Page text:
“In fact, someone joked with me, ‘Rabbi, your email is contradicting. It says everyone is welcome and no reservations are necessary; please reserve your spot here.’”

Altein said that by interacting with everyone coming through the door, attendees feel both welcome and secure: “No one is like, who’s that guy; why is he sitting in shul?”

Congregation Beth Shalom’s strategy to be both a welcoming and a secure place to celebrate the High Holidays might be summed up as “a good offense starts with a good defense.”

“We communicate with our congregation what entrances are open,” Executive Director Robert Gleiberman said. “All others are shut down.”

Security is present not just outside but throughout the building, he said.

That, though, is only one tier of the congregation’s system. Beth Shalom issues passes that must be presented and checked by volunteers to worship there on the High Holidays.

“We have greeters greeting everyone, welcoming them,” Gleiberman said. “We have ushers by the sanctuary, helping people find their seats and know where to go and greeting people, as well.”

Those without passes can still worship at Beth Shalom, but they are required to stop at the synagogue’s office first where they will be issued the required document.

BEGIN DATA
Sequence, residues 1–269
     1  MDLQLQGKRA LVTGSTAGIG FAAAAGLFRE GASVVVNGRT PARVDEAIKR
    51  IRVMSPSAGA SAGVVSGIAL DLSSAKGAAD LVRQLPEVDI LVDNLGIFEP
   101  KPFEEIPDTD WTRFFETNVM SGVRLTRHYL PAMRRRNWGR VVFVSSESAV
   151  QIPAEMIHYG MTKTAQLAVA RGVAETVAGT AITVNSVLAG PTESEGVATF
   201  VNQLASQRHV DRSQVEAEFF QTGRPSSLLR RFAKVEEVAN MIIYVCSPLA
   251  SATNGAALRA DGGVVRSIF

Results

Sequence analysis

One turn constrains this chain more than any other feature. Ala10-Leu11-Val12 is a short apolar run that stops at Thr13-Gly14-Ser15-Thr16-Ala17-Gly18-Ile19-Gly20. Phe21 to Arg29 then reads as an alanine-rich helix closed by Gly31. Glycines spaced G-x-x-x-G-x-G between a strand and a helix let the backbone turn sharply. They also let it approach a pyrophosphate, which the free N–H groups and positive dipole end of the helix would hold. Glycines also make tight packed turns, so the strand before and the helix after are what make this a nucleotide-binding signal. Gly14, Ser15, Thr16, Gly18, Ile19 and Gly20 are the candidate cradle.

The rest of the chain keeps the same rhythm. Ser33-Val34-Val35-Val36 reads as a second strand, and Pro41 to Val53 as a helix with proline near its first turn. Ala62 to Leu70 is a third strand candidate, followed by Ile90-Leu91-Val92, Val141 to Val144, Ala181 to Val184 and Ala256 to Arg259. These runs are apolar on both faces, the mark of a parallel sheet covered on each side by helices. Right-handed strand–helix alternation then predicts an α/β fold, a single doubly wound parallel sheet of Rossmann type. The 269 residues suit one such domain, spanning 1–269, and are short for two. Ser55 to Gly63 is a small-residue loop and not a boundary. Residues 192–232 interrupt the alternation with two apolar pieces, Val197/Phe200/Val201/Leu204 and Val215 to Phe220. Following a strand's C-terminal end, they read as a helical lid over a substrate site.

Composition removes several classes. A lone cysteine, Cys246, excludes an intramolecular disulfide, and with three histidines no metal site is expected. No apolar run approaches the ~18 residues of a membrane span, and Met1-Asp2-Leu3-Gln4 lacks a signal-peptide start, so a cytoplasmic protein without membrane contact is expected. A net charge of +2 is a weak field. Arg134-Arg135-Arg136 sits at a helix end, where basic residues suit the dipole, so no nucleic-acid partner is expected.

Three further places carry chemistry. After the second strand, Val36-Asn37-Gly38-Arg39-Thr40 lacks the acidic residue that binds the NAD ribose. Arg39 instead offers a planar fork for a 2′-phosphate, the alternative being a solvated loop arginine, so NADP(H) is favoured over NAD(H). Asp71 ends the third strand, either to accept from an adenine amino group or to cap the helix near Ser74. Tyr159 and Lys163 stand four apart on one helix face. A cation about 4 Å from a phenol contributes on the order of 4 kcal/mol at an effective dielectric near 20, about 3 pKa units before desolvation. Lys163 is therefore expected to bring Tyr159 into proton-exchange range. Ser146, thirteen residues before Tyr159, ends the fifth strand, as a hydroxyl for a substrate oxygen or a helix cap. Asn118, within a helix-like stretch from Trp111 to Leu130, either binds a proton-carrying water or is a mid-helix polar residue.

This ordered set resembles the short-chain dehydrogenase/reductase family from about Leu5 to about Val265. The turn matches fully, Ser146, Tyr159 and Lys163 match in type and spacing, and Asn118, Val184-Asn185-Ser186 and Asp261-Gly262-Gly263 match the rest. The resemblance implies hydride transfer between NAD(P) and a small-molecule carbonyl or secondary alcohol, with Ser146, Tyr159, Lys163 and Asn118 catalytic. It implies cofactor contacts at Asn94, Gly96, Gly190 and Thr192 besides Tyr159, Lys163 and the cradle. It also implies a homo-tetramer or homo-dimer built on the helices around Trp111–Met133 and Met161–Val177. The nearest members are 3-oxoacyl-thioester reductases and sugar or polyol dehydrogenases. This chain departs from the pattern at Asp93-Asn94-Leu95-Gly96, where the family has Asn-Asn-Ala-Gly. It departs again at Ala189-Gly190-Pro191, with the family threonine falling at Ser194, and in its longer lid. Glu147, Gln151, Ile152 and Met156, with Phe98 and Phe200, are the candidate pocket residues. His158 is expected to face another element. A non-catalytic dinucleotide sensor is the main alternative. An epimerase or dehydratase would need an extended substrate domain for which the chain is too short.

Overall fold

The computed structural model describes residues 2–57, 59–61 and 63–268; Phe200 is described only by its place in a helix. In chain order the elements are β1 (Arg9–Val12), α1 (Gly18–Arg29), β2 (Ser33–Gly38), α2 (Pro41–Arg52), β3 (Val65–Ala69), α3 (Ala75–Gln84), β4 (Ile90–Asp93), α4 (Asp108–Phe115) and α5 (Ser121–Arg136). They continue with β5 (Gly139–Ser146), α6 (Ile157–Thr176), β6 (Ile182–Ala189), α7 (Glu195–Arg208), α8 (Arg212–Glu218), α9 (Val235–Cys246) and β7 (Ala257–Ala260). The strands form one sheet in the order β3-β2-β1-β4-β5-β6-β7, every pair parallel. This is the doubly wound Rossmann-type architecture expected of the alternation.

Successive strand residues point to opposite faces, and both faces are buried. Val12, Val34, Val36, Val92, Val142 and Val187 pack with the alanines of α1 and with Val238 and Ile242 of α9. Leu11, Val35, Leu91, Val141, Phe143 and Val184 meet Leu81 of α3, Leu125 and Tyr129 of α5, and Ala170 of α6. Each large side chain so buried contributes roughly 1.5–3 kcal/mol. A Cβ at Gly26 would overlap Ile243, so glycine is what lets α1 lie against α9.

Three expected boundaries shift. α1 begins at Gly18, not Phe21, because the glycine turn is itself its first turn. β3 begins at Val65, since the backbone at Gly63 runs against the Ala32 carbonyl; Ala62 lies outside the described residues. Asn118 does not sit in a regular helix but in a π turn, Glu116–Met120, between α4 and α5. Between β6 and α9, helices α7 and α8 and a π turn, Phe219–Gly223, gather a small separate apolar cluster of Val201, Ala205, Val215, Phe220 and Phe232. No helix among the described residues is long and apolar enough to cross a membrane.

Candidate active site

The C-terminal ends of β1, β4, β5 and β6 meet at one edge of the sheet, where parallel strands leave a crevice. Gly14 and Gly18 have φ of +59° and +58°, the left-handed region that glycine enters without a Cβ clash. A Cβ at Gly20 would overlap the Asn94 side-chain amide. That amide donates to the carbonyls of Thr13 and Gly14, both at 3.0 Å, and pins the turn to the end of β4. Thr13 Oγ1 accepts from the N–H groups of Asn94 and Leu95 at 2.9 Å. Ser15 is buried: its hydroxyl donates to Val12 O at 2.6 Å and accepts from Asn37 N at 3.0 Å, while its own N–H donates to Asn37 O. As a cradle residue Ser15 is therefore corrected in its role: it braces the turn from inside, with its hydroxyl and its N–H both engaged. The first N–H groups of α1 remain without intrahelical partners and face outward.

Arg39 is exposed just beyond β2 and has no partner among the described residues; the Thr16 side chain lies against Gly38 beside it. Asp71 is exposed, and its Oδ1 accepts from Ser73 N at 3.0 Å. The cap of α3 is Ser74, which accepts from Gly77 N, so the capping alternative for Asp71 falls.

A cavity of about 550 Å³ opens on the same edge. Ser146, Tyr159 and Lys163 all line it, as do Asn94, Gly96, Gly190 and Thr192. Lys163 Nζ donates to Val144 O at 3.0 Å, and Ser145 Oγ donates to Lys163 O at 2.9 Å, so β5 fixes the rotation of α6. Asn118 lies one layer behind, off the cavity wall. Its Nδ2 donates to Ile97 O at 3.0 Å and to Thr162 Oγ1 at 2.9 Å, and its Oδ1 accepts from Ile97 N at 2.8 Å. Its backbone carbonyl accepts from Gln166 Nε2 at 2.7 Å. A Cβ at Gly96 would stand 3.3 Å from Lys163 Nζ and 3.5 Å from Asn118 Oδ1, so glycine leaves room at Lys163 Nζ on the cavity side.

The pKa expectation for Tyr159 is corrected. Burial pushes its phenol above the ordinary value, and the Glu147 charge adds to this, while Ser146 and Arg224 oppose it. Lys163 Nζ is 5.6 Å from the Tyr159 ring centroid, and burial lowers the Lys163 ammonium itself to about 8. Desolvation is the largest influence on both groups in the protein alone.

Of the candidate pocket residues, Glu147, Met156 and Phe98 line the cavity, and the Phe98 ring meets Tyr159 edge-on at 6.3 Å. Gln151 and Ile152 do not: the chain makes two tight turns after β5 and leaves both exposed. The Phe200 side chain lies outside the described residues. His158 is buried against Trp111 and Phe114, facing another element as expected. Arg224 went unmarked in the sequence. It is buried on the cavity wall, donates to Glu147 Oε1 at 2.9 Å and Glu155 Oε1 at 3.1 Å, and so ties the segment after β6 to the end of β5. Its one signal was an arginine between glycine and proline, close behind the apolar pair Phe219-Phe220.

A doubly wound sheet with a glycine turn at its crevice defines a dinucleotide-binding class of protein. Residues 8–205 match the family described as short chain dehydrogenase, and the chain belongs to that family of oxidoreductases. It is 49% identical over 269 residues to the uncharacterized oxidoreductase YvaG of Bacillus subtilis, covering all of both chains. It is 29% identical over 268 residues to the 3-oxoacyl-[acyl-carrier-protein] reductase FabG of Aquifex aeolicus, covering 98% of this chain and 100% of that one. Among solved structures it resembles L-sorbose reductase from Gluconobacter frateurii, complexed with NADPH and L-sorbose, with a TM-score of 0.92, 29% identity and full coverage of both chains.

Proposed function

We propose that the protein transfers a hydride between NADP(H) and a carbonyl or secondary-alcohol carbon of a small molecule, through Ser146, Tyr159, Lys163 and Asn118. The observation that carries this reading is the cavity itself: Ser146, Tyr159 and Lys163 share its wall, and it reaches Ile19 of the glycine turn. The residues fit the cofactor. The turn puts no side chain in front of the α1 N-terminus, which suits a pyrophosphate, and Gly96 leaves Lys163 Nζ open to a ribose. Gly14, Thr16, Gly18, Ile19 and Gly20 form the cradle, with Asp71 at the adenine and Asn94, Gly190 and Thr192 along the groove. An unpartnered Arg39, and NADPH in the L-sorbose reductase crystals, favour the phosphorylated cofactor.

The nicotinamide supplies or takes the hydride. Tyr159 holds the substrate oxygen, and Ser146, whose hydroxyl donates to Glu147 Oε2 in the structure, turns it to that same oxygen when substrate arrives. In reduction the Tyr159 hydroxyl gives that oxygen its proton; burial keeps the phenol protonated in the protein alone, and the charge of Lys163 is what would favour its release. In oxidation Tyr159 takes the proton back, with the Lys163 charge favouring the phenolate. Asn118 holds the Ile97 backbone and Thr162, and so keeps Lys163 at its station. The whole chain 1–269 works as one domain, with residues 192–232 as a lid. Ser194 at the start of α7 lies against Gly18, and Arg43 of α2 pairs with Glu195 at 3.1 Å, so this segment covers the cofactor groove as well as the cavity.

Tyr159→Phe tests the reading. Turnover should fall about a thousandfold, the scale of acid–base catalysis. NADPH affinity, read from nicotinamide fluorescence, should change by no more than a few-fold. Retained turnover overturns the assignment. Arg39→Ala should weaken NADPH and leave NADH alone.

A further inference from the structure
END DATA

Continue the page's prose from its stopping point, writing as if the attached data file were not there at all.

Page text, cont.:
Making people feel both welcome and secure isn’t complicated, Gleiberman said.

“We have everything in place to greet all of the people that are coming,” he said. “We use our common sense to make everybody feel as warm and welcome as possible.

Temple David President Reena Goldberg said the Monroeville congregation has practiced its addition in the run-up to the High Holidays.

“We’ve added more cameras. We have more ways of communicating with each other. We’ve had more training so that all the volunteers at Temple that help with security have been trained by experts,” she said.

Like most other congregations, she said, Temple David has a police presence for the holidays as well as a group of volunteers greeting those in attendance. They are the same faces seen performing the same function throughout the year.

During the High Holidays, those greeters check people’s tickets and make sure those attending services receive a “happy New Year” greeting and a smile.

If someone who isn’t a member comes to the synagogue during the High Holidays, they should expect to provide contact information to the Temple.

“Basically, we’ll need to get all of their information,” Goldberg said, “because we’re not going to take a chance with anyone. We’re going to ask who they are, their name, why are they there. We would follow up with them afterward, like we do with all guests to thank them for coming and see if they wanted to receive membership materials.”

In the end, Young, of Shaare Torah, said that the community appreciates the security provided by its congregations.

“People, certainly from Pittsburgh, understand what we’ve been dealing with and why security has to be there,” he said. PJC

David Rullo can be reached at drullo@pittsburghjewishchronicle.org.